Pharma in Brief - Amendments to the Ontario Drug Benefit Act and Drug Interchangeability and Dispensing Fee Act to facilitate access to unlisted drug products and streamline generic interchangeability

Summary

On October 1, 2016, amendments to regulations made under the Ontario Drug Benefit Act (“ODBA”) and the Drug Interchangeability and Dispensing Fee Act (“DIDFA”) came into force that aim to increase access to existing unlisted drug products and also accelerate the introduction of bioequivalent products into the market by way of a faster review process and less stringent requirements for generic line extension products.

To provide guidance to manufacturers seeking to navigate the drug submission process after this date, the Ontario Public Drug Programs published an addendum to the Ontario Guidelines for Drug Submission and Evaluation on October 6, 2016, which can be found here.
 

Increased access to unlisted, non-formulary drugs

Section 12 of Ontario Regulation 201/96 made under the ODBA (“ODBA Regulation”) was amended to authorize the executive officer to transition unlisted, non-formulary drugs available through Ontario’s Exceptional Access Program to the Ontario Drug Benefit Formulary without a full submission by the drug manufacturer, as previously required by the ODBA Regulation.1

If the executive officer is satisfied that the drug is clinically effective and has a low risk for inappropriate utilization, then the executive officer may transfer the drug from the Exceptional Access Program to the Ontario Drug Benefit Formulary. The goals of the amendment to the ODBA Regulation are to increase access to drugs that are known to be both safe and effective, increase availability to drugs that require urgent access, and increase availability of drugs that may be less costly than newer listed alternatives.
 

Faster review for all bioequivalent generic drugs

Amendments to Ontario Regulation 935 made under the DIDFA (“DIDFA Regulation”) are aimed at permitting an accelerated review process for all generic products that have been issued a Declaration of Equivalence from Health Canada.2

Previously, there were two review processes (streamlined and non-streamlined) for listing generic products that had received a Declaration of Equivalence from Health Canada. Approximately 95% of products could be reviewed under the streamlined review process and be listed on the formulary in approximately two months.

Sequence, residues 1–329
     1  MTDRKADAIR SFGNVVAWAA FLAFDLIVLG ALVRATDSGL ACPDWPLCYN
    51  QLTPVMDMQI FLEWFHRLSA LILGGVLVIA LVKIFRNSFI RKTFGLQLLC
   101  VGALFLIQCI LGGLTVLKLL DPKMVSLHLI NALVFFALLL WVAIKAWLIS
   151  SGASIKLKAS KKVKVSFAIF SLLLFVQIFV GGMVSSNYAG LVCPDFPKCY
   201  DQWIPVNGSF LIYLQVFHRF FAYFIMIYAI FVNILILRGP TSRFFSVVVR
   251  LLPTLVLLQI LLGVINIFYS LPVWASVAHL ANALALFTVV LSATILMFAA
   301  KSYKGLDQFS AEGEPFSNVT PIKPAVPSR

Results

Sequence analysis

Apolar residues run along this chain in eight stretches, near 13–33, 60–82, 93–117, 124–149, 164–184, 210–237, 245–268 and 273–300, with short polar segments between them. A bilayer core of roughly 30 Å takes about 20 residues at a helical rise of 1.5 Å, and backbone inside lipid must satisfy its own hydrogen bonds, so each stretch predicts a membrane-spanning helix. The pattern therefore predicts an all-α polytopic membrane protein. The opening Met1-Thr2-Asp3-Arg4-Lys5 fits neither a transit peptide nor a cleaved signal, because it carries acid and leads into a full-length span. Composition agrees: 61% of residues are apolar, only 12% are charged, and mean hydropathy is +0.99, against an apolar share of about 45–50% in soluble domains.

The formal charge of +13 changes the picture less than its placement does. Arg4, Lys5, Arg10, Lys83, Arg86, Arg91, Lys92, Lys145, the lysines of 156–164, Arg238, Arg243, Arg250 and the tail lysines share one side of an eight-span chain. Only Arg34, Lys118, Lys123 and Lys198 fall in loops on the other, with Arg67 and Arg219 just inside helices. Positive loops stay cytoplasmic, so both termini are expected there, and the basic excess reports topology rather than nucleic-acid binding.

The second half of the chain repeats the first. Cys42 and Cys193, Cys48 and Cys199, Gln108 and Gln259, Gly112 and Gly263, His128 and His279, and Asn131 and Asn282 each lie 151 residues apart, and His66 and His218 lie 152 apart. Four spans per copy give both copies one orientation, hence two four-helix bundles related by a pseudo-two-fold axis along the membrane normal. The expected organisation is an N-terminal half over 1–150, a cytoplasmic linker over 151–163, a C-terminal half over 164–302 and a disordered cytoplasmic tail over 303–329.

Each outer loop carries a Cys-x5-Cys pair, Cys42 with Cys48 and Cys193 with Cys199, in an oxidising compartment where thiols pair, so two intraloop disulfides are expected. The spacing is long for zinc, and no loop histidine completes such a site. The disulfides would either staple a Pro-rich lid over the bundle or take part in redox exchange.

These products primarily consisted of certain aqueous solutions, solid oral dosage forms for systemic effect, dermatological products that contain one or more glucocorticoids as the only active ingredient(s), and drug products with a transdermal route of administration for systemic effect. However, the remaining 5% of products were subject to a non-streamlined review process, which took approximately four months before listing and required review by the ministry's expert advisory committee, the Committee to Evaluate Drugs.
 

Increased/alternative access to interchangeability

Additionally, the amendments to the DIDFA Regulation will permit a manufacturer of certain drug products to provide in vitro studies to satisfy the executive officer that the drug is interchangeable with a product listed on the formulary.3 This provision of the DIDFA Regulation will apply to drug products that have a non-systemic effect where Health Canada has not issued a Declaration of Equivalence, and where blood concentrations of the product cannot be measured and clinical studies with a pharmacodynamic endpoint are inappropriate or difficult to conduct.
 

New types of evidence permissible to allow for generic line extension products

In addition, the amendments to the DIDFA Regulation will allow “generic line extension products” (i.e. new strengths for existing drugs) to be considered for listing where no comparable reference product exists in the same strength.4

Prior to the amendments, a generic manufacturer seeking listing on the formulary was required to show bioequivalence to the brand reference product in the same strength already considered to be clinically effective. The amendments now relieve generic manufacturers of this requirement by permitting the executive officer to accept alternative forms of evidence to establish that the generic line extension product is clinically effective, such as bioequivalence data and formulation proportionality data.

 

Links:

The Consolidated OBDA Regulation

The Consolidated DIDFA Regulation

Addendum 1 to the Ontario Guidelines for Drug Submission and Evaluation

Communication from the Executive Officer dated September 26, 2016
 

Footnotes

1 O. Reg 201/96 at ss. 12(2.1).

2 O. Reg 935 at ss. 6(3.1). Subsections 6(5.1), 6(6), 6(7), 6(7.1) and 6(7.2) are revoked.

3 O. Reg 935 at s. 6(6).

4 O. Reg 935 at s. 6(7).


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